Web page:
Most headsets use cartridge bearings. These can be removed, re-greased, and replaced. If the bearings are worn out, you can buy a new cartridge. Some headsets use sealed bearings. In this case, you’ll need to buy a new sealed bearing to replace the old one. Re-greasing or replacing the bearings is an easy and inexpensive job. If the headset is really rough, it may be best to replace the whole unit. This is more involved because it requires special tools.
Next, you want to check the bottom bracket. You can do this with another simple test. Start by spinning the cranks so the arms are vertical. Grab the crank arm nearest you and hold the frame with your other hand. Push and pull the crank arm to feel for lateral play in the bottom bracket. There shouldn’t be any movement. It should feel tight. Also, spin the crank with your hands to make sure it operates smoothly.
If there is play in the bottom bracket or if it doesn’t move smoothly, it may need maintenance. Sometimes the cranks or one of the cups just needs to be tightened. More likely, the bottom bracket bearings need to be re-greased or the bottom bracket needs to be replaced.
Most modern bottom brackets are sealed units. You just replace the entire unit when they wear out. Some use cartridge bearings. You can simply clean then re-grease these and reinstall them. If they are worn out, you can replace the cartridge. If the bearings are sealed, you can replace the bearing unit. Older bikes may use loose bearings. You can remove these, clean them, then replace them if they are in good condition. Re-greasing or replacing a bottom bracket does require some special tools like a crank puller and bottom bracket wrench.
Greasing or replacing bearings is standard bicycle maintenance. Headsets, bottom brackets, and bearings are affordable parts. The problem is that it takes some special bike tools to work on them. You may need to take the bike to a bike shop to have the work done for you. Also, the bearings last a long time without needing maintenance. A new headset or bottom bracket should last at least 10,000 miles. You may want to pass on a bicycle that needs bearing maintenance for this reason. If the bearings are in good shape, you shouldn’t have to worry about them for many miles.
How to Inspect the Brakes
Start by visually inspecting the general condition of the brake system. The brake levers should be in good shape without any serious scratches, cracks, or bends. If the levers are bent or scratched, the bike was probably crashed. The brake calipers should be in good condition without any rust or broken parts. The cables shouldn’t have any rust, fraying, or crimps. The cable housings shouldn’t have any cracks. Inspect the brake pads to check how much life they have left in them.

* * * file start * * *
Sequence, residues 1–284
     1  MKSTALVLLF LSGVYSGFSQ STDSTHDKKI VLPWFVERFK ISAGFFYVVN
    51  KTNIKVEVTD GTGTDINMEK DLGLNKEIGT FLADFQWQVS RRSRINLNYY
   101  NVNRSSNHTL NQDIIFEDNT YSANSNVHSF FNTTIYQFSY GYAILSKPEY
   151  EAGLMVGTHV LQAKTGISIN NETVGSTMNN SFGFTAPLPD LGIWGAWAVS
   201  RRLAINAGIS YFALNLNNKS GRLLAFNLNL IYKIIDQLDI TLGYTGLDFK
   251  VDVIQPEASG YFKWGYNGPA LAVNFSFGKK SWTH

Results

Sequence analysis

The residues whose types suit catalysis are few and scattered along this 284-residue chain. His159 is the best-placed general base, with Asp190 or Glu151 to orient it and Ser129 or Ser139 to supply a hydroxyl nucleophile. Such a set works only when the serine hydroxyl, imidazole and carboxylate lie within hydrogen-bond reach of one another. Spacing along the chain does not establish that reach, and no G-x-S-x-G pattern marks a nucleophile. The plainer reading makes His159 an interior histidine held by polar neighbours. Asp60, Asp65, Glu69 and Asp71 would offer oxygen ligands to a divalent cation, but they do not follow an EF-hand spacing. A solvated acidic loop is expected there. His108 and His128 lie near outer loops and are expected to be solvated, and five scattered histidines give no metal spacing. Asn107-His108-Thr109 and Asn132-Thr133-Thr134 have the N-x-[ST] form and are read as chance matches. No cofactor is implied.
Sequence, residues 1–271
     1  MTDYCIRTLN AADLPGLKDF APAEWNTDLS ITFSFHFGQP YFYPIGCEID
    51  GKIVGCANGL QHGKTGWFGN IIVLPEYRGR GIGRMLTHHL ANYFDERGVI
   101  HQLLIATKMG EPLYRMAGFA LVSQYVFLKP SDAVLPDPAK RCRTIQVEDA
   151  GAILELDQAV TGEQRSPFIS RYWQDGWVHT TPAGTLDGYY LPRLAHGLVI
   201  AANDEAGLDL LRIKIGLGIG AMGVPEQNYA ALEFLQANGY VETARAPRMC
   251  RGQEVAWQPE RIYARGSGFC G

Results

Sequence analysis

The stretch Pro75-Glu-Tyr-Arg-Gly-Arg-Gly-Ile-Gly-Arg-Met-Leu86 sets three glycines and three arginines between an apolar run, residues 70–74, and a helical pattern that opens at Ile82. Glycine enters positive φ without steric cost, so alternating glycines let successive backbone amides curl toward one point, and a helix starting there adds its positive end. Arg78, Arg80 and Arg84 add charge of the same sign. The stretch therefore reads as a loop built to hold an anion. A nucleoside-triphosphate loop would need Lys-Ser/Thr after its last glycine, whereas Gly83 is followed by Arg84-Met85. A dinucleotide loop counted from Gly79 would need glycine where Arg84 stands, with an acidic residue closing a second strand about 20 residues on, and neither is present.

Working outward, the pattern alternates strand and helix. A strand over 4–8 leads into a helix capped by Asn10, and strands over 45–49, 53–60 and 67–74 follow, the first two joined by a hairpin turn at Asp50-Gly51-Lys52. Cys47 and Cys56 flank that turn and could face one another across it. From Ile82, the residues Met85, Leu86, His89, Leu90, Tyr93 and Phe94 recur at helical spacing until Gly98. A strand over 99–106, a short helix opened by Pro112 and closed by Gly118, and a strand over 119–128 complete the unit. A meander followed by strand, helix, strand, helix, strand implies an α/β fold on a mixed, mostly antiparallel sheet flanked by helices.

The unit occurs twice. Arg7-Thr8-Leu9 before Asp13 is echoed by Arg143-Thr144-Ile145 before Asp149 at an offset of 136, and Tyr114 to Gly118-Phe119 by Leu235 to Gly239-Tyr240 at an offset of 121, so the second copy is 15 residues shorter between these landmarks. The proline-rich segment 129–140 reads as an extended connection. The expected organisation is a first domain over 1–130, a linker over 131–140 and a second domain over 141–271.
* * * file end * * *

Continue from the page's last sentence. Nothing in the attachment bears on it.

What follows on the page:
If the bike has disc brakes, make sure the rotors are not bent or warped. You can check them by spinning the wheel and looking straight down at the rotors as they spin. If they appear to wobble, they are probably bent.
Next, test the brakes out by giving the levers a squeeze. While you’re squeezing the brake levers, watch the calipers actuate. The brakes should operate smoothly. You shouldn’t feel any catches, rough spots, or hangups. Quickly let go of the lever. The brakes should immediately disengage.
If everything appears to be in good condition but the brakes don’t operate smoothly, most likely the cables and housing are contaminated with debris. This creates friction, which causes the brakes to operate roughly. The bike may need new cables and housings. If the bike has been sitting for too long, the calipers can get gummed up or rusty. You may need to clean or replace them. The pivot point may also need to be greased. In some cases, simply applying some oil to the cable in the housing can help make the brakes operate more smoothly.
If the bike has hydraulic disc brakes, inspect the hoses and fittings for leaks. Look around the levers and where the hoses meet the calipers. Leaks can be hard to spot. Dirt and grime tend to build up where there are leaks. That’s one indication to look for. Give the levers a squeeze. If the levers feel spongy, there could be air in the hydraulic brake lines. In this case, you’ll need to bleed the brakes. This removes the air bubbles and fills the brake lines with new fluid. This is standard maintenance that needs to be done to hydraulic disc brake bikes every couple of years.
After testing the brake levers and calipers, lift each wheel off the ground and give it a spin. Make sure the brake pads don’t rub the rim or rotor. If they do, the brakes probably just need to be adjusted. The rotor or rim could also be bent.
The cables and brake pads are wearable parts that need to be replaced periodically. Over time, the cables stretch and eventually break. The brake pads wear down as they rub against the braking surface. Replacing cables and pads is an inexpensive and easy job. If these parts are in poor condition when you buy the bike, it’s no big deal.
The Contact Points: Saddle, Grips, and Pedals
Most riders end up replacing all of these parts to suit their personal preference. Some sellers don’t even include a saddle, pedals, or grips because they want to keep them to install on their new bike. This is fine. You’ll just have to factor in the cost of buying these parts. Maybe you even have your own to transfer over from your old bike.